The Central Bank said in its March monetary policy statement that the repo rate at which excess money is drained from the system will be kept at 7.5 percent and the reverse repo rate at which money is injected will be kept at 9.5 percent.
"However, inflation is expected to turnaround from March 2013 onwards, and reach a more favourable level by the end of the year," the Central Bank said.
Sri Lanka's Central Bank kept inflation at low single digits with a rupee peg acting as an external anchor but, lost control of the monetary system from mid 2011 by trying to sterilize foreign exchange sales with printed money and not allowing market rates to go up.
Sri Lanka's rupee started to depreciate from February 2012, after the currency peg was allowed to move according to fresh money printed by the Central Bank, with the rupee falling to 134 rupees to the US dollar from 110 by mid-year and diving inflation up.
In second half of the year the rupee appreciated towards 127 to the US dollar.
The Central Bank said it had bought 486 million US dollars from the market so far this year.
"So far during the year, the balance of payments has continued to record a surplus, and a comfortable overall surplus is anticipated in 2013," the Central Bank said.
"In fact, although the Central Bank has purchased US dollars 486 million on a net basis from the market this year, greater stability of the exchange rate has been observed owing to increased foreign exchange inflows to the government securities market, and from tourism and private transfers."
Credit to the private sector has fallen to 15.5 percent in the year the January 2013 from 35.2 percent in March 2012.
In December the Central Bank cut policy rates by 25 basis points, despite high inflation, causing concerns.
Central Bank said it wanted to interest rates in banks to fall faster.
"..[I]t has been a matter of some concern that two months after relaxing monetary policy, interest rates pertaining to both deposit and lending interest rates still remain high," the Central Bank said.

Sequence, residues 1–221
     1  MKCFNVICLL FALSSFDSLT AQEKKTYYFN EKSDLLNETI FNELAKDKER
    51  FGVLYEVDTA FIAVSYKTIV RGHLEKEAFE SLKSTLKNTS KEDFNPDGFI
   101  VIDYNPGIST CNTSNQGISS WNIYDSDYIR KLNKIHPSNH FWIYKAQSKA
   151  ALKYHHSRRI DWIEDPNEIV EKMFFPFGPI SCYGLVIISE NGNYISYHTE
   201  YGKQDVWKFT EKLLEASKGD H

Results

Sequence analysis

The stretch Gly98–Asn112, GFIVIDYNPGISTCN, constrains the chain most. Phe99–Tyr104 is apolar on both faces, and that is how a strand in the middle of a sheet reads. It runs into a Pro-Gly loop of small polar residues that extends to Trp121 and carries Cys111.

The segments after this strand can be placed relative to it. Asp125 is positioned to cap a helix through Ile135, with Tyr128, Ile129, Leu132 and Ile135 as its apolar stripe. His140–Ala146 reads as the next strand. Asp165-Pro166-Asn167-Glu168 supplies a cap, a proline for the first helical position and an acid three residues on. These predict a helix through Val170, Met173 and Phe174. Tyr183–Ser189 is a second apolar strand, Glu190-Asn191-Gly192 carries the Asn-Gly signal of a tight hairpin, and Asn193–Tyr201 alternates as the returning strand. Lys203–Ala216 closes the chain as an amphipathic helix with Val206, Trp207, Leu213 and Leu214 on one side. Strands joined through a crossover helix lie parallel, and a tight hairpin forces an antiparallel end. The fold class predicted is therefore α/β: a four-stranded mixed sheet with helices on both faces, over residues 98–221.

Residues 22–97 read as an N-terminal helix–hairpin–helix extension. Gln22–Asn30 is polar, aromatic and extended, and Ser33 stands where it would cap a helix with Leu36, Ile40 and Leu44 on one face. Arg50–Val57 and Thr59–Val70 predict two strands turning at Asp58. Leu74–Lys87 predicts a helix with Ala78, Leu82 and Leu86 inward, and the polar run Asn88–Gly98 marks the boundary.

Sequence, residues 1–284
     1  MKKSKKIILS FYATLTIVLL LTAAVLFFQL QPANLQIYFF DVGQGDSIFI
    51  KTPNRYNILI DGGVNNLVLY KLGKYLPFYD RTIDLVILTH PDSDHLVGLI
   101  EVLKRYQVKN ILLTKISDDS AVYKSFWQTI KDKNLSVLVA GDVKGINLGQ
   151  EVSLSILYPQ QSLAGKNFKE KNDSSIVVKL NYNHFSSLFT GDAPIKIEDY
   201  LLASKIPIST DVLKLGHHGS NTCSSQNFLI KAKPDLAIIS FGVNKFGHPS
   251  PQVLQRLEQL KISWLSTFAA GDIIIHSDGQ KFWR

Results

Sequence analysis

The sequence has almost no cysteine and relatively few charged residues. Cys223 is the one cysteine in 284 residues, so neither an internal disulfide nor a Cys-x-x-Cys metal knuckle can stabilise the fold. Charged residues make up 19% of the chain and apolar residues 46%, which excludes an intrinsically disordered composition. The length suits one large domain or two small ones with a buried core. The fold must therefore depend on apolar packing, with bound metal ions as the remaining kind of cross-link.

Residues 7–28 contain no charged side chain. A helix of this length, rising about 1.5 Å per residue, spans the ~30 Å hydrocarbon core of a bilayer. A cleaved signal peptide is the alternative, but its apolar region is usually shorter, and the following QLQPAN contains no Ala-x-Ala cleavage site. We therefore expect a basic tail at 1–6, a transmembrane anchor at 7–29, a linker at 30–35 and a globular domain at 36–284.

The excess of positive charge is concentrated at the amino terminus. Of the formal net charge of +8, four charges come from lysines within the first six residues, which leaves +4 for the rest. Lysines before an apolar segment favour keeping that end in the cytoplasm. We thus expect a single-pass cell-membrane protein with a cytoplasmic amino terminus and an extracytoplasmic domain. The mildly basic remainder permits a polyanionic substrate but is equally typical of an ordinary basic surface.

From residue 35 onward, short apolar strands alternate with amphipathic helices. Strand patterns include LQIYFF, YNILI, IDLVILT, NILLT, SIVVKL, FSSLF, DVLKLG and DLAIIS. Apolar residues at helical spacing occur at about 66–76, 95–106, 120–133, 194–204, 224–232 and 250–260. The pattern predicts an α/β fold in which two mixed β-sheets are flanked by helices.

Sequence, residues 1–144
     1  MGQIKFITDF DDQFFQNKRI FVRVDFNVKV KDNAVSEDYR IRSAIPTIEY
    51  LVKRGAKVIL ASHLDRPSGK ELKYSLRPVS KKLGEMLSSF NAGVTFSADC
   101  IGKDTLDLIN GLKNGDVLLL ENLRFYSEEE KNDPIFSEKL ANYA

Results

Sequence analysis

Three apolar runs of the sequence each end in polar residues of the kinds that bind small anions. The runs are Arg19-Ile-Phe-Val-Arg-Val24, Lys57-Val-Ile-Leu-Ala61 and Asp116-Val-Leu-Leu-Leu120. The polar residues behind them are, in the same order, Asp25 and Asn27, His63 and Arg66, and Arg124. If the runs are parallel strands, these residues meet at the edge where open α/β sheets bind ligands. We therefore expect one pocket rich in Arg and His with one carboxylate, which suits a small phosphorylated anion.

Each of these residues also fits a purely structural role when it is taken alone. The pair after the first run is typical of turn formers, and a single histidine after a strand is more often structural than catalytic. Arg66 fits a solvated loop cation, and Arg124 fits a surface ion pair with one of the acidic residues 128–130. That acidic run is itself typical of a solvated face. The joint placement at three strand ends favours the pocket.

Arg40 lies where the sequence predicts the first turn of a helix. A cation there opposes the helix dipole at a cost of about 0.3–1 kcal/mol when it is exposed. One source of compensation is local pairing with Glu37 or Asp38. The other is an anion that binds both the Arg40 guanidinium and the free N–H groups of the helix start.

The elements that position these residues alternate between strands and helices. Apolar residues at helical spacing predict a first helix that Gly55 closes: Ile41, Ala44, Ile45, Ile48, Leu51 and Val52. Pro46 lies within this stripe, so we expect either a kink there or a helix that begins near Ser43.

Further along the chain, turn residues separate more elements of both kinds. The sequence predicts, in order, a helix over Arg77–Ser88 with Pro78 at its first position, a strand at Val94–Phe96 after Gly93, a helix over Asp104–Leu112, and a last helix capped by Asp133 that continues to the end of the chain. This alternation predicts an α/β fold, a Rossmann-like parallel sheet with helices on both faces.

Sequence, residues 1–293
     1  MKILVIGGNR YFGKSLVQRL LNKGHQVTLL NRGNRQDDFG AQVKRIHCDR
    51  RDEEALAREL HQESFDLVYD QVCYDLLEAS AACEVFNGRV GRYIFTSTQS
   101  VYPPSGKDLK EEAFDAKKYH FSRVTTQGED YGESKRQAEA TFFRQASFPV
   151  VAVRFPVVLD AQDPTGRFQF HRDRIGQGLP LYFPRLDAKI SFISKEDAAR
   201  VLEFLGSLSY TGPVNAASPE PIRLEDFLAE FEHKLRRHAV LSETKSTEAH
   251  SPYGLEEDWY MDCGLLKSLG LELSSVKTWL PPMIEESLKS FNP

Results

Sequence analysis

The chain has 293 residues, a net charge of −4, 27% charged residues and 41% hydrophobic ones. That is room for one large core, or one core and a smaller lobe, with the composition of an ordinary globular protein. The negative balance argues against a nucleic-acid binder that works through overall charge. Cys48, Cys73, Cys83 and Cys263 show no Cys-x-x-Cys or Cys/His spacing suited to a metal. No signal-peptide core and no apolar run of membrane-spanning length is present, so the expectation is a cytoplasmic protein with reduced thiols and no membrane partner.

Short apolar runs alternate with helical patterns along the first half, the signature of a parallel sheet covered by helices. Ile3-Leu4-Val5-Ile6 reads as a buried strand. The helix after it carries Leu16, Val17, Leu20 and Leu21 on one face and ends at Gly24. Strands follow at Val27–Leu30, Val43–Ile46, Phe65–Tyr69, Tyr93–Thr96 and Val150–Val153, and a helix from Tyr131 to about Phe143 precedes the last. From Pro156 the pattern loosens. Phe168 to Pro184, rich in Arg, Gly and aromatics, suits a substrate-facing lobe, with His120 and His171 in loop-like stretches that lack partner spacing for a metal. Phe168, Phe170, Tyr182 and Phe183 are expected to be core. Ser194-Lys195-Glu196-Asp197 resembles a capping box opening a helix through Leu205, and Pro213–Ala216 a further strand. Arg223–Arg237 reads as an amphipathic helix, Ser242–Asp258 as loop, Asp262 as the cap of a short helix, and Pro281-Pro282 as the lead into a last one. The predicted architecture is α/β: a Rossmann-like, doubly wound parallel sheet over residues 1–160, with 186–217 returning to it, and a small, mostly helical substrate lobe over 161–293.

"However, following recent discussions that the Central Bank had with leading commercial banks, it is anticipated that both deposit rates and lending rates will be adjusted in the near term, in line with the direction of monetary policy.
"When such adjustment takes place, it is expected to stimulate private sector economic activity towards the growth targets for 2013."
Even in December there was heavy state borrowing from commercial banks, crowding out private borrowers and keeping interest rates high.
But the monetary authority said borrowings from state enterprises will fall.
"…[W]ith the expected price adjustments in the energy sector, the state owned enterprises would be able to reduce their reliance on bank financing, resulting in the release of additional resources for the private sector," the Central Bank said.
"That outcome would, in turn, enable the private sector to enhance its level of investment in order to expand economic activity through the utilisation of the improved physical infrastructure that has been put in place by the Government in recent times."
Banking sector analysts say some state banks which are lending heavily to the state and state enterprises have been paying rates close to those of better managed finance companies for larger fixed deposits, keeping rates high within the system.
But state banks deposit rates have fallen over this week.
Recently about 1,800 people were recruited into state banks, which analysts say would push up costs and require higher margins for them to maintain profitability.